The above story is based on materials provided by CSIRO Australia. Note: Materials may be edited for content and length.


Cite This Page:

CSIRO Australia. "CSIRO Supports War Against River Blindness." ScienceDaily. ScienceDaily, 5 January 2000. <www.sciencedaily.com/releases/2000/01/000105044801.htm>.
CSIRO Australia. (2000, January 5). CSIRO Supports War Against River Blindness. ScienceDaily. Retrieved October 22, 2014 from www.sciencedaily.com/releases/2000/01/000105044801.htm
CSIRO Australia. "CSIRO Supports War Against River Blindness." ScienceDaily. www.sciencedaily.com/releases/2000/01/000105044801.htm (accessed October 22, 2014).

Share This



More Plants & Animals News

Wednesday, October 22, 2014

Featured Research

from universities, journals, and other organizations


Featured Videos

from AP, Reuters, AFP, and other news services

Cadaver Dogs Aid Search for More Victims of Suspected Indiana Serial Killer

Cadaver Dogs Aid Search for More Victims of Suspected Indiana Serial Killer

Reuters - US Online Video (Oct. 21, 2014) Police in Gary, Indiana are using cadaver dogs to search for more victims after a suspected serial killer confessed to killing at least seven women. Linda So reports. Video provided by Reuters
Powered by NewsLook.com
White Lion Cubs Unveiled to the Public

White Lion Cubs Unveiled to the Public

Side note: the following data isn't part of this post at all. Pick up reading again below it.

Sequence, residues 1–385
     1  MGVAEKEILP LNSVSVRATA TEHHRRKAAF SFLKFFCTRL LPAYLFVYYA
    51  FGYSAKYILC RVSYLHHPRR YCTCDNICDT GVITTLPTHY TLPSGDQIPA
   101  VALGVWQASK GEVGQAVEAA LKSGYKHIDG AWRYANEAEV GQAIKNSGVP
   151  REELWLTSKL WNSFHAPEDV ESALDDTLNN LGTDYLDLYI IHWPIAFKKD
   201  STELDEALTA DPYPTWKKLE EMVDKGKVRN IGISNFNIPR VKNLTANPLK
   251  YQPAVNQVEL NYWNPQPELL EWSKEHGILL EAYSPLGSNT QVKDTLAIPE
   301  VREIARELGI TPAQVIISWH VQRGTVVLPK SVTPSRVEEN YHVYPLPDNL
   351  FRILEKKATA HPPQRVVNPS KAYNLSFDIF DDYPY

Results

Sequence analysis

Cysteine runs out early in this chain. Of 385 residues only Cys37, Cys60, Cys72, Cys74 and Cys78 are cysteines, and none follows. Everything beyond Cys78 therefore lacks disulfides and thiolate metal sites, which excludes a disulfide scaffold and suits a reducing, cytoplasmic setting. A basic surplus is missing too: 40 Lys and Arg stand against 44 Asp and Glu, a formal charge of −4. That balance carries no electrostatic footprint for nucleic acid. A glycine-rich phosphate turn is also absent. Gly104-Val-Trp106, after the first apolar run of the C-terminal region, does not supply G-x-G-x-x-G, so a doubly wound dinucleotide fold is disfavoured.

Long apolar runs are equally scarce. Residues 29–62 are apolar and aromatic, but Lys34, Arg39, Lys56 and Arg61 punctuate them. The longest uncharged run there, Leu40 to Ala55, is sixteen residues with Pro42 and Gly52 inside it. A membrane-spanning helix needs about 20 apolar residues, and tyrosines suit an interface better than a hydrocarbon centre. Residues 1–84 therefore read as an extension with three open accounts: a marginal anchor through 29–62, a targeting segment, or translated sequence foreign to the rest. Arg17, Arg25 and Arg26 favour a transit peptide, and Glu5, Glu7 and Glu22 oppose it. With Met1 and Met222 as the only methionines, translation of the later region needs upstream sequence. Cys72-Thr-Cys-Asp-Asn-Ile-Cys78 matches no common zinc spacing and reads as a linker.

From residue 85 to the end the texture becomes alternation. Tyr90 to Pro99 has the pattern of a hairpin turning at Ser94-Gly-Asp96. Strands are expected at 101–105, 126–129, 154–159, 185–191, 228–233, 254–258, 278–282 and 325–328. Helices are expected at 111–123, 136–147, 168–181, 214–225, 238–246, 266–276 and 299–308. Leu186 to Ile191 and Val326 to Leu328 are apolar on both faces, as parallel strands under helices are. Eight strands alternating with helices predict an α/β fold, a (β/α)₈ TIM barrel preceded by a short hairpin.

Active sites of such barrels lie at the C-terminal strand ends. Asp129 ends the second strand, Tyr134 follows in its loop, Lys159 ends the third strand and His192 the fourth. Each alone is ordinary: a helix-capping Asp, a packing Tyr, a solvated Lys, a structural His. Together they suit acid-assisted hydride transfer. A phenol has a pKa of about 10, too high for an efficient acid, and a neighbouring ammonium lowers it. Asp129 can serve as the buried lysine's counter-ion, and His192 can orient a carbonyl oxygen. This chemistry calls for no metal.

Reuters - Light News Video Online (Oct. 21, 2014) Visitors to Belgrade zoo meet a pair of three-week-old lion cubs for the first time. Tara Cleary reports. Video provided by Reuters
Powered by NewsLook.com
'Cadaver Dog' Sniffs out Human Remains

'Cadaver Dog' Sniffs out Human Remains

AP (Oct. 21, 2014) Where's a body buried? Buster's nose can often tell you. He's a cadaver dog, specially trained to find human remains and increasingly being used by law enforcement and accepted in courts. These dogs are helping solve even decades-old mysteries. (Oct. 21) Video provided by AP
Powered by NewsLook.com
White Lion Cubs Born in Belgrade Zoo

White Lion Cubs Born in Belgrade Zoo

AFP (Oct. 20, 2014) Two white lion cubs, an extremely rare subspecies of the African lion, were recently born at Belgrade Zoo. They are being bottle fed by zoo keepers after they were rejected by their mother after birth. Duration: 00:42 Video provided by AFP
Powered by NewsLook.com

Search ScienceDaily

Number of stories in archives: 140,361

Find with keyword(s):
Enter a keyword or phrase to search ScienceDaily for related topics and research stories.

Save/Print:
Share:

Breaking News:

Strange & Offbeat Stories


Plants & Animals

Earth & Climate

Fossils & Ruins

In Other News

... from NewsDaily.com

Science News

Health News

Environment News

Technology News



Save/Print:
Share:

Free Subscriptions


Get the latest science news with ScienceDaily's free email newsletters, updated daily and weekly. Or view hourly updated newsfeeds in your RSS reader:

Get Social & Mobile


Keep up to date with the latest news from ScienceDaily via social networks and mobile apps:

Have Feedback?


Tell us what you think of ScienceDaily -- we welcome both positive and negative comments. Have any problems using the site? Questions?
Mobile: iPhone Android Web
Follow: Facebook Twitter Google+
Subscribe: RSS Feeds Email Newsletters
Latest Headlines Health & Medicine Mind & Brain Space & Time Matter & Energy Computers & Math Plants & Animals Earth & Climate Fossils & Ruins